A Breastfeeding Friendly Medical System is a healthcare institution dedicated to promoting, supporting and sustaining breastfeeding within the population that it cares for.
Many hospitals are redesigning their policies and procedures to align with Baby Friendly Hospital Initiative principles, otherwise known as The Ten Steps. Mothers who give birth in Baby Friendly Hospitals have a greater likelihood of breastfeeding initiation and longer breastfeeding duration rates.
The Baby Friendly Hospital Initiative requires training for all nursing staff and for the hospital providers.
Once mothers and their families leave the hospital, they require evidence-based breastfeeding guidance and management that is accessible and affordable. Unfortunately, unlike the staff at Baby Friendly hospitals, outpatient medical care providers and staff are often inadequately trained in breastfeeding during their professional education. This ongoing lack of education exists despite the fact that more than 75% of mother-baby dyads in the USA are breastfeeding at the time of hospital discharge. In addition, the American Academy of Pediatrics, the American Academy of Family Physicians, and the American College of Obstetrics and Gynecology have formal statements advising breastfeeding education during specialty training. Can you identify any other health behavior that the majority of mothers and babies are engaged in, for which medical professionals are not educated?
Families often sense that their pediatricians, family physicians, and/or obstetricians do not have sufficient knowledge for primary care management of their breastfeeding problems. Families therefore seek other sources of support, such as lactation consultants at the hospital, WIC (Supplemental Nutrition for Women, Infants and Children), and community groups such as La Leche League, or other mother-baby groups.
This places the United States population at risk for racial and ethnic disparity in breastfeeding support since families with more resources will have a greater chance of accessing lactation care in their communities. In addition, breastfeeding mothers and babies are at risk for maternal/infant complications of breastfeeding because of inadequate breastfeeding medical care. Such complications include chronic breast infections, breast abscesses, insufficient milk supply, infant hypoglycemia, insufficient weight gain, premature weaning, and side effects from medications given to mothers by physicians who are well intentioned but lack knowledge on evidence-based breastfeeding management.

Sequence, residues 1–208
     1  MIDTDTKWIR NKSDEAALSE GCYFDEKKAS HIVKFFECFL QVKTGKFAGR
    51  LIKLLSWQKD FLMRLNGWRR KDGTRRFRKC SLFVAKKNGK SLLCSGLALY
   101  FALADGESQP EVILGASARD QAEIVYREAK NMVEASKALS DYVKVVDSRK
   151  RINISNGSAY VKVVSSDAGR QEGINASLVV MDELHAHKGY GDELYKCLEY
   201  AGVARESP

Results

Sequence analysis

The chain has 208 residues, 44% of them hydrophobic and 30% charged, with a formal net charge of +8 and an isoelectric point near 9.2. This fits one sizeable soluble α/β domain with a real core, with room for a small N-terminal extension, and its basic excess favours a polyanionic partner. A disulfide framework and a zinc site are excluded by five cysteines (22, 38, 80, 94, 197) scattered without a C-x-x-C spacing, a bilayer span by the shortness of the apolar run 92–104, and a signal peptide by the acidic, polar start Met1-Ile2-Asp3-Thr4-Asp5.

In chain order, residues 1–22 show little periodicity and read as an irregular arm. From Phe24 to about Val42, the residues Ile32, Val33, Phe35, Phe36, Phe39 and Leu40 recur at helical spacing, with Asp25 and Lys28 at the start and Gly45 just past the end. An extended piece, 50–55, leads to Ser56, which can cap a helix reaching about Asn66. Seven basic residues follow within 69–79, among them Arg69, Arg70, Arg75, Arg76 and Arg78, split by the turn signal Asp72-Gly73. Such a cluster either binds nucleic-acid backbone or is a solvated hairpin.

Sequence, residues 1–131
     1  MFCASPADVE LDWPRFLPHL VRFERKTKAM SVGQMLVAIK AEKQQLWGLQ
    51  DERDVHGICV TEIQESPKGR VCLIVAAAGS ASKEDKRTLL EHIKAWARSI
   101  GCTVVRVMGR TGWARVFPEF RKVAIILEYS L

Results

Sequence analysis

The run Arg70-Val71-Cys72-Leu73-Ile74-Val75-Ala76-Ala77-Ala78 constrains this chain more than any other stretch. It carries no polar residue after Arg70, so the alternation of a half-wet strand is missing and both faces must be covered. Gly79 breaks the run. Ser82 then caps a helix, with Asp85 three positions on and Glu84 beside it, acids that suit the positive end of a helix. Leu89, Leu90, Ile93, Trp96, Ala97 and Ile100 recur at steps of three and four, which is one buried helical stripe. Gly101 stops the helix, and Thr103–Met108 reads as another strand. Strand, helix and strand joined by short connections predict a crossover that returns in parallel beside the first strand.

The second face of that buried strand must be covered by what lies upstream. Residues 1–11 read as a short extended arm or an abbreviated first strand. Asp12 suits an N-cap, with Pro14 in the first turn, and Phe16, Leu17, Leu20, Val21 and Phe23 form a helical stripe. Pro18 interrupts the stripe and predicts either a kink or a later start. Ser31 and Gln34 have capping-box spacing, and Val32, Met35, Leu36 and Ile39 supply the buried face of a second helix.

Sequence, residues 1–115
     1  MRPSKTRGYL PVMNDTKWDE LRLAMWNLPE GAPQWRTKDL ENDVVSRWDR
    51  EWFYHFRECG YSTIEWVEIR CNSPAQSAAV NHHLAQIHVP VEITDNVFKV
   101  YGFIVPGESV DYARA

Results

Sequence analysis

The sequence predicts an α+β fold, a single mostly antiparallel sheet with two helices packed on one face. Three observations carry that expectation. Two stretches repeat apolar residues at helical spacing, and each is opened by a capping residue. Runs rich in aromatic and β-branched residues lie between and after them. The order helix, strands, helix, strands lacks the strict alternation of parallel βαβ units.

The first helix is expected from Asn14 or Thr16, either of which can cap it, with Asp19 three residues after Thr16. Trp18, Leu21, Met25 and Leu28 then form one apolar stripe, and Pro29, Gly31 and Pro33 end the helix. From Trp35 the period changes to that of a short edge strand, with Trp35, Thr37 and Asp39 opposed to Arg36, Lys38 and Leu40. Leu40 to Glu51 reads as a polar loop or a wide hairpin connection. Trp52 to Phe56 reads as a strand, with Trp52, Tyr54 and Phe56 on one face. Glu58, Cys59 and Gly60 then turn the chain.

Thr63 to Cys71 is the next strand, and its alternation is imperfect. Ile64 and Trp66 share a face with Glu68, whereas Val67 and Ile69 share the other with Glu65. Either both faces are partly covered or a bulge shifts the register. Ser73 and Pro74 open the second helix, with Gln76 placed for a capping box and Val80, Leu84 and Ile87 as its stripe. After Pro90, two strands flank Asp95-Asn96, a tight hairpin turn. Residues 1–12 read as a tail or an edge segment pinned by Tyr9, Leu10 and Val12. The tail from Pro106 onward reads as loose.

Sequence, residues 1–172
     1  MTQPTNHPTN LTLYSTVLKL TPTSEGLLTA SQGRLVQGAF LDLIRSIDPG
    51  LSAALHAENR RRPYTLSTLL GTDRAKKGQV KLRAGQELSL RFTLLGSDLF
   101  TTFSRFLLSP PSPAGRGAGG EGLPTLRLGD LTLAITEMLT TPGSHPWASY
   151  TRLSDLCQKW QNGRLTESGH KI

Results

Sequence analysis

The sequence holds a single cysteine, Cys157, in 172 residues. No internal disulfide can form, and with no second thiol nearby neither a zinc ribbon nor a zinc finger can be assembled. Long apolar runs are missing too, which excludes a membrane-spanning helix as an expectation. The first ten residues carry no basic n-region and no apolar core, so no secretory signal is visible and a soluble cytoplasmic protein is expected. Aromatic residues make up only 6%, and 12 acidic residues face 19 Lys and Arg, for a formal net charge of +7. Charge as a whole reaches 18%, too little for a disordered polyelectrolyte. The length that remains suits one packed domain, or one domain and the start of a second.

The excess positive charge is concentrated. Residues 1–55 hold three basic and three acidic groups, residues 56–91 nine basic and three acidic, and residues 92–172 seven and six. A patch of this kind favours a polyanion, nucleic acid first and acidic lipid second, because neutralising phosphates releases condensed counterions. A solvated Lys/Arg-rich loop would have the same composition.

Research has shown that providing breastfeeding training to office providers and staff can increase breastfeeding initiation and duration rates. In order for a medical system to optimally support breastfeeding dyads, more structure is required beyond educating office staff and providers.
The Breastfeeding Friendly Outpatient Medical System (BFOMS) is a model of support with basic principles including:
A committee dedicated to overseeing breastfeeding support throughout the BFOMS charged with:
- Establishing a policy of breastfeeding support within the medical system.
- Determining means and budget for ongoing provider and staff education.
- Creating avenues of communication between health care consumers and office staff in order to manage breastfeeding questions.
- Communicating between administration and staff regarding financial and other needs to provide breastfeeding support throughout the system.
Basic breastfeeding care within its primary care medical homes (PCMHs)
- An adequate number of office staff and providers are trained in primary care breastfeeding management.
- Patients/clients have access to the providers for telephone counseling and in-person breastfeeding evaluations.
Create a breastfeeding friendly physical environment
- Display images of breastfeeding, avoid bottle feeding images, no gift packs of formula, provide an environment that allows breastfeeding women to feel safe and comfortable, with an option to be private or not. Provide comfortable chairs and other supports such as pillows and foot stools. Allow breastfeeding women to nurse during infant procedures.
Coordination of care between the PCMHs and the hospital
- Hospital staff have the means to communicate feeding plans and other breastfeeding concerns to office staff who will be assuming care of the breastfeeding dyad.
- Hospital staff are available to help protect and support breastfeeding dyads who require admission to the hospital beyond the birth episode.
Breastfeeding support beyond the PCMH into specialty departments
- Specialty departments are aware that mothers and babies are nursing, and adapt care to optimize the breastfeeding relationship.
Provision of a higher level of breastfeeding management with breastfeeding specialists
- The office staff and providers within the PCMHs have access to breastfeeding specialists who can provide a higher level of breastfeeding management.
Collaboration with community supporters
- Provides resources in the community for ongoing breastfeeding support, such as public health nurses, home visitors, WIC, mother-infant support groups such as LLLI, and private practice lactation consultants.
- Establishes coordination of care between community breastfeeding supporters and the medical system.
Ongoing breastfeeding education for the PCMH staff
- Breastfeeding education within the PCM is sustainable. Office staff and providers receive basic breastfeeding training and periodic updates to maintain evidence-based knowledge.